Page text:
5 Great tips for new ‘rad grads’ (from someone who knows!)

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Bozz: Graduated 2012 and now a reporting Senior Radiographer: see what you too can achieve

Baruch Videan, Senior Radiographer from Central Manchester University Hospitals NHS Foundation trust graduated from the University of Salford  BSc (Hons) Diagnostic Imaging programme in 2012. Here, reflecting on his own experience, he offers 5 handy tips to our new graduates


Congratulations! Now you’re qualified. All those assignments and assessments are behind you and you are actually going to be paid to do the job! You’ve landed your dream job, or even one just to pay the bills until those lottery numbers come good. You’ve ironed your new uniform and are going to step through the doorway into your new career. There are so many pieces of advice you could be given that might help, but here are a few to keep you going (please note I didn’t say mine would be helpful, just that they would keep you going).

1. Don’t rush settling in!

Please don’t be gung-ho in your first few weeks/months. If your place of employment has a preceptorship program, embrace it. Yes, most of the jumping through seemingly pointless hoops is at times tedious but If,    ** CLICHÉ WARNING** you get your foundations right, the rest will stand stronger!

Even if you trained where you managed to get a job (there must have been some serious chocolate bribery going on!) there will be things you didn’t need to know as a student and therefore you didn’t get to hear about them. For instance; how the manager should definitely not be asked for annual leave before their 2nd coffee of the day or that the mobile machine outside ward 8 will sometimes decide to go backward and crush you against a wall unless you hold the handle ‘just so’. Don’t get me wrong, its great you feel confident and pushing your comfort zone will help you grow as a radiographer but without taking the time to learn the ropes in the, sometimes frustrating, “proper way to do it” you may be caught out if things go sideways. Confidence is good; confidence without basis quickly changes to foolishness!

2. Have confidence in your own ability

Imagine your first day: You have just produced a set of images Clark’s would happily publish, yet you still stand for 5 full minutes wondering if you should really get them checked before sending them to PACS (Not that I ever did that, I was a vision of confidence *cough* this was my friends’ experience) Listen, by all means ask to have them checked when you have to do lateral oblique mandible views on a man who tried to pick a fight with the local bare knuckle boxing champ after imbibing enough cheap cider to sink the royal fleet. However you have just produced a great set of diagnostic images AND YOU KNOW IT! Press ‘Send’ and give a little fist pump (again something my friend did) congratulations you have your first solo x-rays on the system!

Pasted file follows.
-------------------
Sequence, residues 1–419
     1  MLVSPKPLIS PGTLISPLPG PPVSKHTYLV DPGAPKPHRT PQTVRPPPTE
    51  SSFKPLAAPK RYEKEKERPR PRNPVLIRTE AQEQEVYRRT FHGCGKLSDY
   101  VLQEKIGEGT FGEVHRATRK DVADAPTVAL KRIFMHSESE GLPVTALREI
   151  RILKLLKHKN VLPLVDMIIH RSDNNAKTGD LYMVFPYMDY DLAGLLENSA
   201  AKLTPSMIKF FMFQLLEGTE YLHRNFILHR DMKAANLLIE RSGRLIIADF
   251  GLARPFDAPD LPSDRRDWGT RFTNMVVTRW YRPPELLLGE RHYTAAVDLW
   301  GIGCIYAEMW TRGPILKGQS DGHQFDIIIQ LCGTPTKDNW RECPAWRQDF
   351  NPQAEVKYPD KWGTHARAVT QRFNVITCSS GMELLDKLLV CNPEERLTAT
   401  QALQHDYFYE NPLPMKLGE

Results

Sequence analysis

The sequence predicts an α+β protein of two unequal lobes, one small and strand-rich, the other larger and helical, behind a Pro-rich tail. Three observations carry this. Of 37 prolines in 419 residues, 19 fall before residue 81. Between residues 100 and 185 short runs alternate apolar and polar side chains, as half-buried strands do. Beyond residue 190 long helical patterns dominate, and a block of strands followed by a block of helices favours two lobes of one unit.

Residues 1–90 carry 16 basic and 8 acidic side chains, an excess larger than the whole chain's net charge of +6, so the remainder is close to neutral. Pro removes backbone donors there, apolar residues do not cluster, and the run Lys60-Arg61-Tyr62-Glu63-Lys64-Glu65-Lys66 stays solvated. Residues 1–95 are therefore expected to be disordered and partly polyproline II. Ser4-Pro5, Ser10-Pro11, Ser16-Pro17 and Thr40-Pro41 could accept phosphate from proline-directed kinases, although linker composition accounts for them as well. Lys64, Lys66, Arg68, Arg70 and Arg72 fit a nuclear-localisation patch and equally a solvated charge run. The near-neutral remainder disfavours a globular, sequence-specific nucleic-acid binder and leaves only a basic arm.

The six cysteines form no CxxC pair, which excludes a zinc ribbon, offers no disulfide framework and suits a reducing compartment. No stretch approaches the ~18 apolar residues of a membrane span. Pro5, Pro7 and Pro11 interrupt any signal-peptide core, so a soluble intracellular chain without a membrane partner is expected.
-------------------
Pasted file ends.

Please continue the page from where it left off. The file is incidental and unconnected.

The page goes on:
However….

3. Ask, ask & for goodness sake…. ASK!

No-one can know everything and unless they start allowing young teenagers into the profession that’s unlikely to change.

When you were being assessed as a student you may have noticed comments in the positives area such as ‘recognised their own limitations’. I cannot stress enough how important this is. If you don’t know something or how to do anything PLEASE ASK FOR HELP!

I once received a request from A&E, I can’t remember what it was for, on it after some other clinical info it was written ‘CIBA’ now I couldn’t for the life of me work out what this stood for, the reporting radiographers and radiologists were no help (‘cardiac infective burp ailment’ was among the unhelpful suggestions) even Dr Google was at a loss! So we called the referring clinician. What followed ladies and gentlemen of the jury is a prime example of why abbreviations should not really be used at all on x-ray requests! “Oh I thought it would be obvious; this patient Came In By Ambulance”